“Essentially, the major issue facing Drexel is performance. Can they continue to perform in the same extraordinary way they have in the past?” said Fredric M. Roberts, a Los Angeles investment banker and Southern California district chairman for the National Assn. of Securities Dealers.
Colleagues and clients say Kissick is up to the task.
A valedictorian of his high school class who subsequently graduated from Yale, served in the Navy and earned a graduate business degree from Stanford University, Kissick appears to have done little wrong at Drexel. Recruited by Drexel Chief Executive Frederick H. Joseph in 1975, Kissick opened the firm’s corporate finance office in Los Angeles two years before Milken moved the junk bond operations there from New York.
In that capacity, Kissick has successfully wooed dozens of new and old West Coast companies as Drexel corporate finance clients, bringing in millions of dollars of revenue. As a measure of his importance, Kissick holds the title of executive vice president and sits on Drexel’s board-- making him by far the firm’s most senior executive in the West Coast, at least in title surpassing any rank that Milken had.
Kissick, a tall, well-dressed and handsome man who lives in Los Angeles with his wife and one child, also appears to be almost universally liked by colleagues and clients.
“He relates well to people. He’s a special guy,” says Martin R. Lewis, president and chief executive of Williamhouse-Regency, a New York specialty paper products concern and Drexel client on whose board Kissick has served as a director.
Drexel chief Joseph has called Kissick “one of the best managers Drexel has,” backing it up by often using Kissick as a trouble-shooter and problem solver.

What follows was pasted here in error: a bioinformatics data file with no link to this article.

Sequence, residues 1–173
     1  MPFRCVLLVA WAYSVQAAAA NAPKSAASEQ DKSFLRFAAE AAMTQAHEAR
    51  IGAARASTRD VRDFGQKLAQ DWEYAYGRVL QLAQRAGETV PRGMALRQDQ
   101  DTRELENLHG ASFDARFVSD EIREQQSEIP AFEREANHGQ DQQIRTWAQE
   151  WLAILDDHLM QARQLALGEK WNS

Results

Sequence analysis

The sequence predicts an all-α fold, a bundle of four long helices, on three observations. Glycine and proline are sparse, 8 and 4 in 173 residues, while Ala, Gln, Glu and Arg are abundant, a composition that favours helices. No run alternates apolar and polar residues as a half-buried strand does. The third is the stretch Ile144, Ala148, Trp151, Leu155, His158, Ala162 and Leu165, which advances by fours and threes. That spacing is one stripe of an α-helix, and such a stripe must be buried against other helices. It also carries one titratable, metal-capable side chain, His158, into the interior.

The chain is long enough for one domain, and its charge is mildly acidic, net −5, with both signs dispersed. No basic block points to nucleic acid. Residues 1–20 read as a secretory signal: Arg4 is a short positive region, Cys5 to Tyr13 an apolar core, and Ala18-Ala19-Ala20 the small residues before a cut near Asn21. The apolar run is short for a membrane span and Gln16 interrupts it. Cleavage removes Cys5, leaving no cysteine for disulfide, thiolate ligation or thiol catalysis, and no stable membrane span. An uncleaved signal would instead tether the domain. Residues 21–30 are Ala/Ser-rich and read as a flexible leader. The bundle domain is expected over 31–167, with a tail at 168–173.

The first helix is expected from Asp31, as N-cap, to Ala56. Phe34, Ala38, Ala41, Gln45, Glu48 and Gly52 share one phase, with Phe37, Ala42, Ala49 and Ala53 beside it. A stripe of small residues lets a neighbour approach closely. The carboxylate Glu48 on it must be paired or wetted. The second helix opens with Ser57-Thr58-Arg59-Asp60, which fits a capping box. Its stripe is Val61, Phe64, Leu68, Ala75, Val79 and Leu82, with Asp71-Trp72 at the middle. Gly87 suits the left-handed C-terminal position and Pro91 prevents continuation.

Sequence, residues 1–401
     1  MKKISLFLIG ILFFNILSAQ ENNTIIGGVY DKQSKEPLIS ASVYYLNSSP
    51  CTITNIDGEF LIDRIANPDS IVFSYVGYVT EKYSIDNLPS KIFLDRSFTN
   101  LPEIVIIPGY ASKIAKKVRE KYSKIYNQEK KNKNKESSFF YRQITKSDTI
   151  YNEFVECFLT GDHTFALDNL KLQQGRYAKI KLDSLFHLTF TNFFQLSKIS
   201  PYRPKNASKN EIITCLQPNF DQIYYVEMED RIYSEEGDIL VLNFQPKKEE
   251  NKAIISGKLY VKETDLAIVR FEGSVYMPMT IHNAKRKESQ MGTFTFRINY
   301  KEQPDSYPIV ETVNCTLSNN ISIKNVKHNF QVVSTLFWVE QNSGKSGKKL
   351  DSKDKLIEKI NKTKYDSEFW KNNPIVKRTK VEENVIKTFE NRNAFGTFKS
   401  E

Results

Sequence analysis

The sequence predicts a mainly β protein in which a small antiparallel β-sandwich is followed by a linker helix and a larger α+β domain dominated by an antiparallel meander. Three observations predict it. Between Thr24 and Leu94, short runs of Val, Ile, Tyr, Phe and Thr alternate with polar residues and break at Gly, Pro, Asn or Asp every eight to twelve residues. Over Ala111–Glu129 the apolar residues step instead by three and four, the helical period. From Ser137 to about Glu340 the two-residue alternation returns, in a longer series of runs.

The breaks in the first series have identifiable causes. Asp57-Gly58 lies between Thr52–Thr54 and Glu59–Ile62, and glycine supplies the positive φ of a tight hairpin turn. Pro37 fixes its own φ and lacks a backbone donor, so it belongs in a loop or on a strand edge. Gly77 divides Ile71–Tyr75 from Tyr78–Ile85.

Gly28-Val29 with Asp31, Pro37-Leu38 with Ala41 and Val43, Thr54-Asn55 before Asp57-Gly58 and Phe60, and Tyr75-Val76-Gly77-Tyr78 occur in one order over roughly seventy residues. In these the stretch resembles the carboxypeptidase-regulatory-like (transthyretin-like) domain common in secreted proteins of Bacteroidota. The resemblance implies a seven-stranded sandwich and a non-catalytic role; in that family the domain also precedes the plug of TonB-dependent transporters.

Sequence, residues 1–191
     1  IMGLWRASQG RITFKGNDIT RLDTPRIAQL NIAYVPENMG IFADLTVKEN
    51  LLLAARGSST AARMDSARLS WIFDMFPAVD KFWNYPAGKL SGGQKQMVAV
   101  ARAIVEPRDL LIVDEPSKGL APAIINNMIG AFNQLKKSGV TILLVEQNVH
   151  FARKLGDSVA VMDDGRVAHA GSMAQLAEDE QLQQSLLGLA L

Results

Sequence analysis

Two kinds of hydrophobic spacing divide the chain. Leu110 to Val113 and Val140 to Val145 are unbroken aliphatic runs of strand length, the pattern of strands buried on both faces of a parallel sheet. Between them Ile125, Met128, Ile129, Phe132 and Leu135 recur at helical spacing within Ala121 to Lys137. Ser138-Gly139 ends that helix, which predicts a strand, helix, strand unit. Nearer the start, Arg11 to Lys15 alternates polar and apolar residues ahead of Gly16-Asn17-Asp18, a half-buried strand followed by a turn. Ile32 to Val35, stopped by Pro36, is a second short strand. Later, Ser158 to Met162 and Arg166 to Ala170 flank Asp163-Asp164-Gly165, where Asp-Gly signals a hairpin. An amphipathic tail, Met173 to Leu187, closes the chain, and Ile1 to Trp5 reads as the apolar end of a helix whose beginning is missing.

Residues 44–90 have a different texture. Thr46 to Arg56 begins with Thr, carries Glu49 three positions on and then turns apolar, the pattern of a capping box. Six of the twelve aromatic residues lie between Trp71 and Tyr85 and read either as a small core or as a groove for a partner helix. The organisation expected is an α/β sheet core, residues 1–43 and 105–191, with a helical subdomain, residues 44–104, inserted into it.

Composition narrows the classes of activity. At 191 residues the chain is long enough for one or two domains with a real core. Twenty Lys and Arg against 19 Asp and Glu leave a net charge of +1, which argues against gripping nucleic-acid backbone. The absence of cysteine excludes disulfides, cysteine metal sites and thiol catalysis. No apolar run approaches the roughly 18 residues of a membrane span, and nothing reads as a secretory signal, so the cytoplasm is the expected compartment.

“Whenever Fred has something special or major to get done, he’s given it to John,” said a colleague at Drexel. “If there were ever any clashes in the corporate finance department, even in New York, John has been the one to settle them.”
Big Test Next Week
Colleagues don’t see Kissick’s lack of experience in junk bond trading as a handicap, in part because of the group of 10 managers under him who have largely kept Drexel’s junk bond operations going as Milken became less and less available, immersed in his legal entanglements.
Those managers and others were largely responsible for Drexel’s successful sale earlier this year of $3 billion of junk bonds to help finance the takeover of RJR Nabisco by Kohlberg Kravis Roberts & Co. That was by far the largest sale ever of junk bonds and was done without the aid of Milken.
Kissick is expected to rely on those managers heavily as he gains experience in the trading arena.
One of Kissick’s first major tests will come next week, when he hosts Drexel’s 11th annual high-yield bond conference, sometimes dubbed the “Predator’s Ball” because of the corporate raiders in attendance. For years, it was Milken’s show. But now Kissick will give the welcoming address and is expected to be a focus of attention throughout.
“Obviously, Mike’s very hard to replace over there,” said John F. Nickoll, co-chief executive of Los Angeles-based Foothill Group, an occasional Drexel client that lends money to struggling companies. “But John’s a very capable, bright and talented individual, as are a lot of people over there.”